About halfway through Friday night’s back-and-forth affair between the Toronto Maple Leafs and Philadelphia Flyers, TSN play-by-play man Gord Miller summed up my thoughts perfectly: “Not sure if it’s a winning recipe in the playoffs, but it’s sure fun to watch.”
There were so many goals in the second period (seven, to be exact), that I’m not entirely sure what the exact score was when he said it. 5-2 Flyers, perhaps? Maybe 5-3? Regardless, the Maple Leafs overcame a three-goal deficit to win the contest 7-6 in regulation, avoiding a third straight loss (they’ve only lost three or more consecutive games once this entire season).
Miller is absolutely right. With all the goals for and all the goals against, Friday night was fun. So was Wednesday, when the Leafs nearly came back from a 5-0 deficit against the Chicago Blackhawks. Monday wasn’t fun, when they were hammered 6-2 by the league-leading Tampa Bay Lightning — but the west-coast swing before that, where the club picked up five of a possible six points and scored 11 goals in three games, was fun. So too was the first game of the month, where Toronto put up five against the division-rival Buffalo Sabres.
It seems the storyline for the Toronto Maple Leafs in March has been goals, goals, and more goals. Their 29 goals this month are tied for the most in the NHL, while their 26 goals against are tied for the second-most. Furthermore, these numbers are more than just a trend. It has been a part of the Maple Leafs identity this season.
The buds lead the NHL in 5-on-5 goals-for with 182. They are middle of the pack in 5-on-5 goals against (tied for 15th with 142), but according to Hockey Reference, their expected goals against (xGA) at 5-on-5 is 164.1.
What does this mean? It means they’ve allowed a ton of chances against and would have a less favourable goal differential if they weren’t bailed out by goaltender Frederik Andersen so often. The Maple Leafs have allowed the fourth-most scoring chances against at 5-on-5 this season (1,684) and Andersen’s 16.72 goals-saved-above-average (GSAA) at 5-on-5 is the best in the NHL.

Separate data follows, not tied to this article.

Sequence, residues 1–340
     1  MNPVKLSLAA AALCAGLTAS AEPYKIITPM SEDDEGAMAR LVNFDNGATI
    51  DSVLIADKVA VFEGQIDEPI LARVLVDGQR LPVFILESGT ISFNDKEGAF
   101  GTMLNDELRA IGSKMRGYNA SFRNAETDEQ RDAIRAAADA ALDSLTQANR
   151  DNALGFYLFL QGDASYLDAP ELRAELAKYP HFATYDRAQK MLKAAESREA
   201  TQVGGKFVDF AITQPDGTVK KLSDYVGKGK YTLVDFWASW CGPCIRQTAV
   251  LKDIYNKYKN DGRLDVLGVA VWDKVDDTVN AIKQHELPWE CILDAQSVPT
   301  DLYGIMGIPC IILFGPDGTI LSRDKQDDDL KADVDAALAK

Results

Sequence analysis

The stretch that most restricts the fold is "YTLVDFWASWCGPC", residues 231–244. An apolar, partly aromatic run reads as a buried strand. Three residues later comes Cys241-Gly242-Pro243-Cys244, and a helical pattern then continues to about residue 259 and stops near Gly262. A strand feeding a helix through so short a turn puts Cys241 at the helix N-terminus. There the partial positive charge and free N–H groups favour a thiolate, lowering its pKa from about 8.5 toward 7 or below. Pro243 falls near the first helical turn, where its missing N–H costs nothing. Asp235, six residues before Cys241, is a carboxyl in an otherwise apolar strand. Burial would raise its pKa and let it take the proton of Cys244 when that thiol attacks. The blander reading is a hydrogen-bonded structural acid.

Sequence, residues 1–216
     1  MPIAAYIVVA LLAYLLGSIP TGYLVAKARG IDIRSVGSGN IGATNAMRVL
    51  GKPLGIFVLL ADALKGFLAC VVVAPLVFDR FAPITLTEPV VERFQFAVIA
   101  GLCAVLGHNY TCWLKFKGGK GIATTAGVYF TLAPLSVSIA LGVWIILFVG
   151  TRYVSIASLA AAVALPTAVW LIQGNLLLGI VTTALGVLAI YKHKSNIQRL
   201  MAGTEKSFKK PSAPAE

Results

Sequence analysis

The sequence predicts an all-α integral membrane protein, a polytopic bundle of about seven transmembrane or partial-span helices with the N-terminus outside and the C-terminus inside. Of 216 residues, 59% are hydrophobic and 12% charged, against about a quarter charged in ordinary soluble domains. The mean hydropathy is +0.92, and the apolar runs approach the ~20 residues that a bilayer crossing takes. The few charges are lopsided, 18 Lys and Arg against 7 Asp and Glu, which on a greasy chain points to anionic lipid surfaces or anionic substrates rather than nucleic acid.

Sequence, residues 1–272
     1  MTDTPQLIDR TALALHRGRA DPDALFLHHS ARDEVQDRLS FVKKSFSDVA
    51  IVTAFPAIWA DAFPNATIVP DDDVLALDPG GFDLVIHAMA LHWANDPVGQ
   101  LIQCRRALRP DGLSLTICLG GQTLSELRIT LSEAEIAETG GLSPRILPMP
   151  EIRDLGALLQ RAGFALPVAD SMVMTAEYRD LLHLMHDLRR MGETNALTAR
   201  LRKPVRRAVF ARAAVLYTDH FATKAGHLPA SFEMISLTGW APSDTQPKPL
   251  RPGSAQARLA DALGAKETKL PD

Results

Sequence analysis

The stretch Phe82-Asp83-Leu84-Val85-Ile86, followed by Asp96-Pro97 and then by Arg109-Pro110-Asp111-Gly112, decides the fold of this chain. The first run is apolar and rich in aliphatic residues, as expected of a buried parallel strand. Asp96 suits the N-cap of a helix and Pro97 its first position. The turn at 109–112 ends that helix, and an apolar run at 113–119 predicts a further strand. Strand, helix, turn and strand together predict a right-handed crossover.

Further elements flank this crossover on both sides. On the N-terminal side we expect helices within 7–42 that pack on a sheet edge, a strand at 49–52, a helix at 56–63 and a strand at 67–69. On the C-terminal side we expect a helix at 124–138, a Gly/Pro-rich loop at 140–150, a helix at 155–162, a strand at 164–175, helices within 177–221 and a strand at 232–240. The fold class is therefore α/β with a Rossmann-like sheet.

Obviously, scoring chances for and goals for are good. Nothing to worry about there. Goals and chances against? As Miller said, it’s not the way the Maple Leafs want to play in the post-season. Let’s take a look at what’s going wrong on the defensive side of things.
Too Many Icings
Half of the Flyers six goals on Friday came directly off offensive zone face-offs.
First, it was a Jakub Voracek snipe over the glove of Andersen right off the draw. Then, Sean Couturier beat Auston Matthews on a face-off, that led to a Radko Gudas goal — Robert Hagg ran some pretty good interference on William Nylander as well, which you can see below.
The third goal following an o-zone face-off came with the Flyers’ net empty, when Claude Giroux fired a shot that was tipped in by James van Reimsdyk, giving the former Leaf a hat-trick. The Lightning’s sixth goal on Monday night also came directly off one of their offensive zone face-offs.
Could the inability to win defensive zone face-offs be a problem for the Leafs? Well, the team ranks fourth in the NHL in face-off percentage in their own zone, at 52.6 percent. They have, however, taken the 10th-most defensive zone draws this season, at 1,452. Could there be a reason for all the d-zone face-offs? The tweet below from Rachel Doerrie, who recently worked in the New Jersey Devils analytics department, got me thinking.
Everyone waxing poetic about losing a DZ draw…that draw doesn’t happen if Zaitsev makes the wide open breakout pass instead of icing the puck. It’s really that simple.
— Rachel Doerrie (@racheldoerrie) March 16, 2019
Thanks to MoreHockeyStats.com, team icing data is publicly available, and surprise, surprise, the Maple Leafs don’t fare very well.
They are second in the NHL in total icings committed in 2018-19 with 361, just two behind the Pittsburgh Penguins. What the site also tracks is how often a team ‘escapes trouble’ after an icing. Depending on how often a goal is scored or a penalty is committed within 30 seconds of an icing, the site uses a ‘good icings percentage’, which is the percentage of time when there were no consequences for icing the puck — no goal or penalty occurred, and another icing also did not occur.
The Maple Leafs ‘good icings’ percentage is fourth-last, at 85.6 percent. So not only do they ice the puck a lot, but their icings tend to lead to either goals, penalties, or (most frequently) another icing, which tires out the group on the ice even more. Keep in mind the site does not track when a goal is scored more than 30 seconds after an icing, which could provide even more insight.
Lack of Positional Awareness